Nelson Mandela: From 'terrorist' to tea with the Queen

Nelson Mandela: Once vilified by the Government, he will be acclaimed as a hero this week

'This hero worship is very much misplaced'- John Carlisle MP, on the BBC screening of the Free Nelson Mandela concert in 1990

'The ANC is a typical terrorist organisation ... Anyone who thinks it is going to run the government in South Africa is living in cloud-cuckoo land' - Margaret Thatcher, 1987

'How much longer will the Prime Minister allow herself to be kicked in the face by this black terrorist?' - Terry Dicks MP, mid-1980s

'Nelson Mandela should be shot' - Teddy Taylor MP, mid-1980s

The fuss that Parliament is to make over Nelson Mandela this week will mark a stark contrast with the 20-year Commons silence that followed his imprisonment in 1962.

On Thursday, the President of South Africa is to be accorded the rare honour of addressing both Houses of Parliament in Westminster Hall, when ministers, MPs and peers will gather to pay homage to a world statesman.

But an Independent survey of Commons Hansard records suggests that even in the immediate aftermath of his imprison- ment, Mr Mandela's name was not uttered in the chamber.

Hansard Indices, which cover speeches, statements and oral questions and answers in the Commons, as well as written questions and answers, suggest that the first time Nelson Mandela's name was mentioned in the House was on 9 March 1983, in a question from Labour MP Ken Eastham.

In his autobiography, Conflict of Loyalty, former foreign secretary Sir Geoffrey Howe says that even as late as October 1987, at a press conference following the Commonwealth Heads of Government Conference in Vancouver, Mrs Thatcher was quick to dismiss the African National Congress as "a typical terrorist organisation". Sir Geoffrey added sadly: "Absolutism still held sway."

But Mrs Thatcher was expressing a common view on the right of the Tory party.

In the mid-Eighties, Conservative backbench MP Teddy Taylor said: "Nelson Mandela should be shot" - though he later claimed it was meant jokingly. "Unfortunately, I do still regard him as an ex-terrorist," he said two years ago.

In 1990, when Mr Mandela declined to meet Mrs Thatcher on a trip to London, Conservative MP Terry Dicks asked: "How much longer will the Prime Minister allow herself to be kicked in the face by this black terrorist?"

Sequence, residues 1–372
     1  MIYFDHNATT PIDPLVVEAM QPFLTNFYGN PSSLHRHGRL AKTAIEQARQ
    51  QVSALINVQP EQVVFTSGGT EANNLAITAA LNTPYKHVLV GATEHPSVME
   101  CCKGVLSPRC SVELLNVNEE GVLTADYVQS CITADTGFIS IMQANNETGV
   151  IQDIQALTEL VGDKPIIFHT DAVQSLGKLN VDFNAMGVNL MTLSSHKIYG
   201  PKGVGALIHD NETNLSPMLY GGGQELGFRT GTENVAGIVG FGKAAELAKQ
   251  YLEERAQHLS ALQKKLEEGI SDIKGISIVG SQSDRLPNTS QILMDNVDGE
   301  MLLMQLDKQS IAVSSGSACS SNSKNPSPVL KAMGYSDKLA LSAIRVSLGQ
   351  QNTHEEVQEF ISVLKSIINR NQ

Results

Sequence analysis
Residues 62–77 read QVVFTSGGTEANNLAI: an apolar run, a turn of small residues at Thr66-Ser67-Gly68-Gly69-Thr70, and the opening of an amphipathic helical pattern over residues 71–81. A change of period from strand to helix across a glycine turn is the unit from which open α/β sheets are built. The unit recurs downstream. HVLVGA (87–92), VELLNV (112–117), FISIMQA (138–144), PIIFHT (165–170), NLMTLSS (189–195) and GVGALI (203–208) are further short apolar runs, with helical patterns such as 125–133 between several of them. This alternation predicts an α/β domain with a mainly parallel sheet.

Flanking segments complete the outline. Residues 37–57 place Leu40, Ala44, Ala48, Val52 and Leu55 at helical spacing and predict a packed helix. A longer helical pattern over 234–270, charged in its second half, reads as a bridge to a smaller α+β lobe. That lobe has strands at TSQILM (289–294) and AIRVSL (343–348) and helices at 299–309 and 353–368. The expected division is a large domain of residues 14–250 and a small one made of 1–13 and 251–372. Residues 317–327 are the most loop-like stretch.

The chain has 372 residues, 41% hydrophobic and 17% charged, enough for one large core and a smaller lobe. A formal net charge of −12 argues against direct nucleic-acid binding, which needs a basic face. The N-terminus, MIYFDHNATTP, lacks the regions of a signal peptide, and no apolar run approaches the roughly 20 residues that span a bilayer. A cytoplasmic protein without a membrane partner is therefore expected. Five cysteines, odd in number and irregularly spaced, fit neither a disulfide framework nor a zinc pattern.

John Carlisle, Tory MP for Luton North, was furious at the BBC's screening of the 1990 Mandela concert in London. "The BBC have just gone bananas over this and seem to be joining those who are making Mandela out to be a Christ-like figure," Mr Carlisle said.

"Many will remember his record and the record of his wife as they take the podium. This hero worship is misplaced."

That same year, another Tory MP, Andrew Hunter, now chairman of the Conservative backbench committee on Northern Ireland, called for an investigation into alleged secret links between Mr Mandela's African National Congress and the IRA.

Labour frontbencher Brian Wilson yesterday challenged John Bercow, Conservative parliamentary candidate for Buckingham and former political adviser to Virginia Bottomley, the Secretary of State for National Heritage, to offer regret for the abuse that had been heaped on Mr Mandela by the Federation of Conservative Students when he was its chairman.

He said FCS conferences had been littered with slogans like "Hang Nelson Mandela", and Mr Wilson added: "Mr Bercow must now make it clear that he deeply regrets the behaviour of FCS members.

"Silence would only show that we've still got the same old Tories with the same old story of intolerance and bigotry."

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